Garlic is usually planted in the fall - this was planted last October .
When the leaves turned brown halfway up I dug up a couple , they had nice
bulbs . Then I read that I should wait until the foilage is all brown , but
I think any time after half is brown will work . I'll wait a little longer
to harvest it all and hope a hundred plants will be enough for seed and our
table .

--
Snag


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Old 28-06-2015, 12:43 PM posted to rec.gardens.edible
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Default First garlic harvest

songbird wrote:

when do you take the roots off?

After the drydown/curing stage (unless you're French and like untrimmed
roots, of course).

it's gonna be a while yet before ours is ready,
scapes are starting to plump up a little.


I just snapped off scapes last week and made garlic scape pesto; time for
another round to get the ones that were too small or missed. Too wet
today, though.


--
Gary Woods AKA K2AHC- PGP key on request, or at home.earthlink.net/~garygarlic
Zone 5/4 in upstate New York, 1420' elevation. NY WO G
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Old 28-06-2015, 12:45 PM posted to rec.gardens.edible
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Default First garlic harvest

"Terry Coombs" wrote:

When the leaves turned brown halfway up I dug up a couple , they had nice
bulbs . Then I read that I should wait until the foilage is all brown , but
I think any time after half is brown will work


If you wait until all leaves are dead, you won't have good wrappers on the
bulb. Half brown is fine; by then the bulbs are as big as they're going to
get.


--
Gary Woods AKA K2AHC- PGP key on request, or at home.earthlink.net/~garygarlic
Zone 5/4 in upstate New York, 1420' elevation. NY WO G
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Old 28-06-2015, 01:43 PM posted to rec.gardens.edible
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Default First garlic harvest

Gary Woods wrote:
"Terry Coombs" wrote:

When the leaves turned brown halfway up I dug up a couple , they had
nice bulbs . Then I read that I should wait until the foilage is all
brown , but I think any time after half is brown will work


If you wait until all leaves are dead, you won't have good wrappers
on the bulb. Half brown is fine; by then the bulbs are as big as
they're going to get.


Good to know that , thanks !

--
Snag


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Old 28-06-2015, 01:51 PM posted to rec.gardens.edible
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Default First garlic harvest

In article ,
"Terry Coombs" wrote:

But today was reading to wiat until the tops were all brown . These were
planted last October ...


All brown you won't have a decent wrapper, and you will have dirt in the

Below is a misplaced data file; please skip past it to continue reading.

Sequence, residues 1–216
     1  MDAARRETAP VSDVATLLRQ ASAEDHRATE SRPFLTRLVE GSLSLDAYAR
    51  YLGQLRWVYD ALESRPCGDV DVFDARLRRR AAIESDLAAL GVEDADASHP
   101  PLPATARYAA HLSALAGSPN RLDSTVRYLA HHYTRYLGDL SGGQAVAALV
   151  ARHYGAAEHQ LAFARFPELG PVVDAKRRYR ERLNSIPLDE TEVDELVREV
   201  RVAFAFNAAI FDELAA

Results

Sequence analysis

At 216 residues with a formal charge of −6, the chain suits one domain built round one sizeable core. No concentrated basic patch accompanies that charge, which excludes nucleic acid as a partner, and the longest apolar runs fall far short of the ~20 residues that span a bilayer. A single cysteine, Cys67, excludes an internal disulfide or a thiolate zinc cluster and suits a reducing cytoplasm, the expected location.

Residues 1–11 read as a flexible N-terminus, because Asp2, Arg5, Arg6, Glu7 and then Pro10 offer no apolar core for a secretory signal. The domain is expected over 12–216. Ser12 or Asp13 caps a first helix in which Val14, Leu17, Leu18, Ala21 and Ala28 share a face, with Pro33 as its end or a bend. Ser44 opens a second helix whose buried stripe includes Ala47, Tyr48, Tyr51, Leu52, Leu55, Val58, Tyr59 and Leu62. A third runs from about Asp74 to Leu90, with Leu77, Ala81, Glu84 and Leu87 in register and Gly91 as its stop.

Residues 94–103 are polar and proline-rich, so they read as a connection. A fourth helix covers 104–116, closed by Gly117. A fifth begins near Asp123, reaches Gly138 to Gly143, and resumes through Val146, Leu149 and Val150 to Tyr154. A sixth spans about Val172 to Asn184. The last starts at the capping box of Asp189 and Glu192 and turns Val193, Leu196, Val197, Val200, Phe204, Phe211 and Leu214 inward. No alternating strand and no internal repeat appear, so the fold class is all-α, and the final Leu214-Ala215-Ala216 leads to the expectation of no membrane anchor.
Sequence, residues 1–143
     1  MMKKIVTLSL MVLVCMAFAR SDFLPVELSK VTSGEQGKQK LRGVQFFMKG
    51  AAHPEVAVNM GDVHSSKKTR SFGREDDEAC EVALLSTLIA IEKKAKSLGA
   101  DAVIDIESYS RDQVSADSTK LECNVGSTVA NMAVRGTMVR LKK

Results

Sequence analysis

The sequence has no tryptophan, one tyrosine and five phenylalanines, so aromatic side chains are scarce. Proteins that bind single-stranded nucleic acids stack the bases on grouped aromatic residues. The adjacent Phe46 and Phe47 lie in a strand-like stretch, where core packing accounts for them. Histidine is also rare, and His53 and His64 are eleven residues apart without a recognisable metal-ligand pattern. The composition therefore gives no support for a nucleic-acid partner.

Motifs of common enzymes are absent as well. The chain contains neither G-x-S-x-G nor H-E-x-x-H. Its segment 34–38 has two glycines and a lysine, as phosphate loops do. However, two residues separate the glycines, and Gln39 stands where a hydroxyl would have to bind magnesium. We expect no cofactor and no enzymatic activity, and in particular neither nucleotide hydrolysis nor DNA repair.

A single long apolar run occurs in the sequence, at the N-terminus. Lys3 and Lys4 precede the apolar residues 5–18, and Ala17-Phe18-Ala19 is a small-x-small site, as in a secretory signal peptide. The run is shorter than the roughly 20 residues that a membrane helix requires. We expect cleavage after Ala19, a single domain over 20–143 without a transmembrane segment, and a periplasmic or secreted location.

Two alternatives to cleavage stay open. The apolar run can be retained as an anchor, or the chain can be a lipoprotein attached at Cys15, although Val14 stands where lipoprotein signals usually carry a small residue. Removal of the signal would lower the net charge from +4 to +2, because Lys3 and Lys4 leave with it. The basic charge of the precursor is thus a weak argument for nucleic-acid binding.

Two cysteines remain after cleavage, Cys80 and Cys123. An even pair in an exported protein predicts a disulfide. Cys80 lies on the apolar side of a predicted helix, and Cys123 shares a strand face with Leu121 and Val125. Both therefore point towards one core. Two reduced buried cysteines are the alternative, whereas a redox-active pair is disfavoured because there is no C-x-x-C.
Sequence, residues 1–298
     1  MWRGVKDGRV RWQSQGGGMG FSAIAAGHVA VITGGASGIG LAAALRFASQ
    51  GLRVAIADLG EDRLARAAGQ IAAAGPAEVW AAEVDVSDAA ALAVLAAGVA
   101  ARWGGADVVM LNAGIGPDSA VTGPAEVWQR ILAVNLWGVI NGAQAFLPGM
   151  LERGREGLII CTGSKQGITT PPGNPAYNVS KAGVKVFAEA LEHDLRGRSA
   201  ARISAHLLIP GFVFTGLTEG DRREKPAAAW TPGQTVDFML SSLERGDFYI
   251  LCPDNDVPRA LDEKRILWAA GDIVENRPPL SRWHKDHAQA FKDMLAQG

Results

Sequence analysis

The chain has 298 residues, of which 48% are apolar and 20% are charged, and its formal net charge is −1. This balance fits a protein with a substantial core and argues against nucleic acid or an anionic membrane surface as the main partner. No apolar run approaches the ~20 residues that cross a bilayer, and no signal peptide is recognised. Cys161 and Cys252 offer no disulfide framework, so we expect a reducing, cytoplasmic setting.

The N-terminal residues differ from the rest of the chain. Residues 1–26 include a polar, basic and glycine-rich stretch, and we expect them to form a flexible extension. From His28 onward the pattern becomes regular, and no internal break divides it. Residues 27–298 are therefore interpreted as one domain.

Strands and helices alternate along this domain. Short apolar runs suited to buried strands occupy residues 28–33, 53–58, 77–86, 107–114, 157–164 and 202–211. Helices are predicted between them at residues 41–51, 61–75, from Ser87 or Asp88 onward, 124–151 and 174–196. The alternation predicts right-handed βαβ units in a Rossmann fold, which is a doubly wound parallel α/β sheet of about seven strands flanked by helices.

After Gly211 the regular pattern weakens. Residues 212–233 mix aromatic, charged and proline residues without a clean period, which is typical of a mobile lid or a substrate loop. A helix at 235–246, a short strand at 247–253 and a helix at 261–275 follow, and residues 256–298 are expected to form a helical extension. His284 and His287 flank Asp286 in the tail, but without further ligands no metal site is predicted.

cloves. You want 3-4 green leaves, indicating 3-4 layers of wrapper on
the bulbs. I used to wait too long, so I know from experience.

Drying needs to be in full shade, protected from dew. Commercial growers
use wagons with a sunshade so the plants are shaded as soon as they are
dug up. Got a barn/shed, a covered porch, something like that? I have
used various methods over time; the easiest one was laid on some crap
bookshelves I diverted from going to the dump, inside an airy barn -
just laid the plants out in single layers on the shelves and left them.
I have also tied them in bunches of 5 on a long string and hung it,
placed them on screens and hauled the screens inside every night and
various other things that are more work. If you have adequate space to
set them on a shelf and leave them be for a few weeks, it's the lowest
work input / handling way to deal with them I've found so far.

Hardnecks (scaping garlic) are virtually impossible to braid, so after a
few weeks drying I cut the bulk of the foliage off and store them in a
bin. I'm essentially out of growing softnecks at this point, as the ones
I was growing petered out and the hardnecks seem to do better for me,
here.

While sorting/drying I set aside the nicest heads for seed, and have
eventually both read and seen that I need to set aside enough nice large
heads that I can use only the nice large cloves for seed, and eat the
small cloves from the seed heads when the seed heads are broken up for
planting.

--
Cats, coffee, chocolate...vices to live by
Please don't feed the trolls. Killfile and ignore them so they will go away.


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Old 29-06-2015, 02:55 PM posted to rec.gardens.edible
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Default First garlic harvest

barbie gee wrote:
Terry Coombs wrote:

Well , I got some now , how do I prep it for storage and store it ? Cool
dry place , I figure , but I'm not sure how to dry it for storage .


How did you know when they were ready for harvesting?


usually i try to get mine out of the ground
before all the leaves are brown. we have pretty
heavy clay soil which sticks to everything so
the longer the garlic is left in the ground
the more likely a rain will come along and make
it harder to harvest and clean up.


This spring, I had some sprouting garlic cloves that I popped into a
planter, and now the greens are about a foot long, and getting thick at
the base. Do I just occasionally cut some greens off, but wait til fall,
or what?


you can eat the green leaves like chives, but
that does limit how big the head of garlic will
be if you cut off too many leaves. the green garlic
(forming bulb, stem, leaves and scapes) are all
edible, they don't start getting tough until the
leaves start dying back or the scapes open up and
start to dry out.